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Why Won't My Doctor Call Me Back on the Telephone or Exchange Email with Me?

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Updated June 21, 2014

Question: Why Won't My Doctor Call Me Back on the Telephone or Exchange Email with Me?

Just a few years ago, it was almost impossible to find a doctor who would spend time with patients on the telephone, and email was almost out of the question.

Why? Because doctors couldn't get paid for the time they spent doing either activity, even when they were dispensing medical advice.

Has that situation improved? What is the status of patients engaging with their doctors through phone calls and emails?

Answer:

Before 2009, if you asked doctors why they wouldn't spend time on the phone or exchange email with their patients, they might reply that they couldn't get paid for the time. They cited the fact that there was no CPT code they could bill with.

(To better understand how this works, read this article on the basics of CPT codes.)

With no CPT code, there was no way to let your insurer know that time had been spent. You weren't in the doctor's office, so as far as your insurance company was concerned, no service was delivered.

That began to change when the AMA developed new CPT codes to allow for time spent on the phone and with email. Called "Non-Face-to-Face Services" the new CPT codes allow a doctor to account for the time spent on the phone with a patient, or using email, in increments of time (5 minutes, 10 minutes and so forth.) Not only that, the CPT codes were developed for both the physician and "non-physician providers" such as physician assistants and nurse practitioners. (Here are the phone and email CPT and HCPCS codes.)

It seemed that the doors were finally opened for this type of quick and useful communication.

But - not so fast! Many doctors still won't spend time on the phone with their patients, and even fewer will exchange email with patients - because development of the CPT codes was only part of the problem.

As mentioned above - insurers are half the pay-the-doctor equation. Just because the CPT codes had been developed didn't mean health insurance companies would reimburse for them. Many still won't. And now it's just confusing. Some insurers will reimburse, some won't reimburse, and even within the same company, plans might be different from each other.

That puts your doctor in a difficult position. Suppose she gets back to her desk at the end of a long day, and finds a handful of voicemails to return, and a dozen emails from her patients. She either has to return them -- or ignore them. And unless she knows exactly what each patient's insurance company says about reimbursement, she won't know whether her time can be reimbursed.

Further, she's faced with a dilemma. Does she spend the next couple of hours returning those calls and emails? Maybe get paid or maybe not.... Or does she go home to her spouse and children? Which would you choose?

Then, even when health insurance will reimburse, if your doctor decides to go ahead and talk to you by phone or reply to your email, there are strict rules that must be followed to determine whether she can be paid for the time spent on the phone or emailing with you.

Here are the rules your doctor or other provider must follow to use these codes for reimbursement:

  • You (the patient or parent / guardian) must be the originator of the phone call or email. The doctor may not start the exchange (call or email you first).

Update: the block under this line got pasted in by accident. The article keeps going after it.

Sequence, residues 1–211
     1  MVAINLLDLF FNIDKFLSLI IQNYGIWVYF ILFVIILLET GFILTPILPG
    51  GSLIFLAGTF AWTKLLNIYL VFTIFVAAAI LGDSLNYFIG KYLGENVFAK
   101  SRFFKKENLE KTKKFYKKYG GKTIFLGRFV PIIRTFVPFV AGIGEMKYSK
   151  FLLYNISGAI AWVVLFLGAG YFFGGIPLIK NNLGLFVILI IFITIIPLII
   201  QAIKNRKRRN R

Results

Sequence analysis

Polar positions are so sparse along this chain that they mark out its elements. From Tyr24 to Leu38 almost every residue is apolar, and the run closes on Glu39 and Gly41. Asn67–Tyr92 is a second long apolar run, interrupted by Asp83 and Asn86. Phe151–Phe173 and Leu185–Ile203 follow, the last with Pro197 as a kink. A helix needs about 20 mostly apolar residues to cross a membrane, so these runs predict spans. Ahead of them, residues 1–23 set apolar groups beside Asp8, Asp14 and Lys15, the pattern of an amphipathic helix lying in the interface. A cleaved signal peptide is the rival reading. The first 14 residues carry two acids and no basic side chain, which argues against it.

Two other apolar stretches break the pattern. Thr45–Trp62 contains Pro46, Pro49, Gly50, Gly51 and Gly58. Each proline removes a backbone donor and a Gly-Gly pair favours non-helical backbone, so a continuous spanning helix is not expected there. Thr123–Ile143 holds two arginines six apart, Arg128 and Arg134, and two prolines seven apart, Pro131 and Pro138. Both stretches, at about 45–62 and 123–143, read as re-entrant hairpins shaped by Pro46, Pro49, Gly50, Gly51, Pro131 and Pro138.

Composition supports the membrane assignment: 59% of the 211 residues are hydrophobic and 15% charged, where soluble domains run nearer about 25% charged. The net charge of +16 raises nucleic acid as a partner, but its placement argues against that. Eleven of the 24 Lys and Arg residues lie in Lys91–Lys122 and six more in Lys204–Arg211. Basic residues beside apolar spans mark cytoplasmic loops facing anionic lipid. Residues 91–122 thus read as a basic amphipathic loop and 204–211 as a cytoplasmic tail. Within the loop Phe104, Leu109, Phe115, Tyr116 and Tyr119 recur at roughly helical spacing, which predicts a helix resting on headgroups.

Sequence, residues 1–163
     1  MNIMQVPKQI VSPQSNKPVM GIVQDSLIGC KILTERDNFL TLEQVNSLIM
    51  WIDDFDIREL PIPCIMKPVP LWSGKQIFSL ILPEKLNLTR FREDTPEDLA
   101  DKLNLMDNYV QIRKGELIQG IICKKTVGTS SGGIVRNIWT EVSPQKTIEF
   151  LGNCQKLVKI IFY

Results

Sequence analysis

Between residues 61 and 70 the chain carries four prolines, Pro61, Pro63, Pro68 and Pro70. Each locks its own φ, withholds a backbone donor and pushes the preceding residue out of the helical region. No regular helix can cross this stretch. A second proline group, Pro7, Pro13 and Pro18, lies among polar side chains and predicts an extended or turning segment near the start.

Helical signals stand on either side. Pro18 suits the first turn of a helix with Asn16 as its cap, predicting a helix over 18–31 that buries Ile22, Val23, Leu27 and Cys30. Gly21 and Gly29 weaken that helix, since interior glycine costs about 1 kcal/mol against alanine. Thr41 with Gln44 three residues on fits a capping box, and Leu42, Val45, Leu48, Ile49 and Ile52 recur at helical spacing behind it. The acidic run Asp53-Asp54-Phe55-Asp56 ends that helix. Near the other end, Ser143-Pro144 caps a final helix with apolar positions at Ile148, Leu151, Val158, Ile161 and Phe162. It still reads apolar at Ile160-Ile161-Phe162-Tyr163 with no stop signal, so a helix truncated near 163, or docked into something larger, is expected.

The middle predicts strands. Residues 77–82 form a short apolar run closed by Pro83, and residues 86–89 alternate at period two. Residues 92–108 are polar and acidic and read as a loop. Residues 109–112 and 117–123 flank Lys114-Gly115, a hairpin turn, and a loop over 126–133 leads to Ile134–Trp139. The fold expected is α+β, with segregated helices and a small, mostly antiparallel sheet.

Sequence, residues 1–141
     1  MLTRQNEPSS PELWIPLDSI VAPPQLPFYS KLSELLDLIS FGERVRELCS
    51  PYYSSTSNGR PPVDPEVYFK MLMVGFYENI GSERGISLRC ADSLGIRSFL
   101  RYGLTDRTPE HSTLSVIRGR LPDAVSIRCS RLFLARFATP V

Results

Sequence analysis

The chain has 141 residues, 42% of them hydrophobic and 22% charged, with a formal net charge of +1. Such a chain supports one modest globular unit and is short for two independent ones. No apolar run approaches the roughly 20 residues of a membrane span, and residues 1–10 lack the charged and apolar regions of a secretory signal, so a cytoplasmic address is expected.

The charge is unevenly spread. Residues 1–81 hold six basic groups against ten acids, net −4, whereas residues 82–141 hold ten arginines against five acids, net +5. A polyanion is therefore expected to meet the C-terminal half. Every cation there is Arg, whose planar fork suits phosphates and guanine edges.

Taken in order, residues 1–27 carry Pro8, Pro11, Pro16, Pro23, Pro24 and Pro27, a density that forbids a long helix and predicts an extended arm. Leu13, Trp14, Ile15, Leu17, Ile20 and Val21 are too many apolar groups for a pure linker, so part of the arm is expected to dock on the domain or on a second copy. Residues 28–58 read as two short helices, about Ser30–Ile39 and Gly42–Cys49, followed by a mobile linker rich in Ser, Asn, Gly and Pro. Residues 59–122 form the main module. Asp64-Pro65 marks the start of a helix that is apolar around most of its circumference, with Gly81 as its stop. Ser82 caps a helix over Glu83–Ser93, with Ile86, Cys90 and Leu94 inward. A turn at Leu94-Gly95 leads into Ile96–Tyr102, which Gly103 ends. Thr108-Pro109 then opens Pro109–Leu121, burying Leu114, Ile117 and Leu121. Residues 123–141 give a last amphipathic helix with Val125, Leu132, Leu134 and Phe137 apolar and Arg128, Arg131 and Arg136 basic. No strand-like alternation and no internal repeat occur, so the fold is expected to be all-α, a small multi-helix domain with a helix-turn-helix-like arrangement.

• You (the patient) must be an established patient with the doctor's practice.

  • The email or phone CPT code may not be used if is part of a follow-up to a surgery or procedure, if the patient has visited the doctor within 7 days before the call or email, or if the patient is seen within 24 hours (or an emergency appointment) of the phone call or email.*

  • The call or email must be thoroughly documented and the documentation time cannot be included in the actual talk or keyboarding time. So if your doctor spends 10 minutes on the phone with you, then spends 10 minutes recording notes about the conversation, she will only be paid for the 10 minutes on the phone.

*If the call takes place in those 7 days before the phone call or email, or that "urgent" time just after the phone call or email, then the time used is considered to be part of which ever service triggered the contact, or is triggered because of the contact. There is no additional reimbursement for it using these codes.

It's no wonder it's still difficult to engage in a phone conversation or exchange email with a doctor! Most have too much trouble coordinating them and tracking them and making sure they are adhering to the rules.

A few final points about CPT code reimbursements for phone or email exchanges with your doctor:

  • In addition to all the confusion over reimbursements, some doctors will tell you they are leery of using email because they have been told it is not secure (from a cyber-security perspective.) Some may tell you that email cannot be used because it's a violation of HIPAA laws. (That's not correct.) It's difficult to know whether security is a real reason, or if it's a substitute reason for the fact that the doctor can't get paid.

  • As of the writing of this article (January 2011), Medicare is not yet reimbursing doctors for telephone or email time through its system of HCPCS codes. So far as I can tell, no states are reimbursing for email or phone calls through their Medicaid programs either.

  • Despite all this confusion, you may want to try to convince your doctor to return phone calls or email anyway. Here is a step-by-step approach to communicating with your doctor by phone or email.

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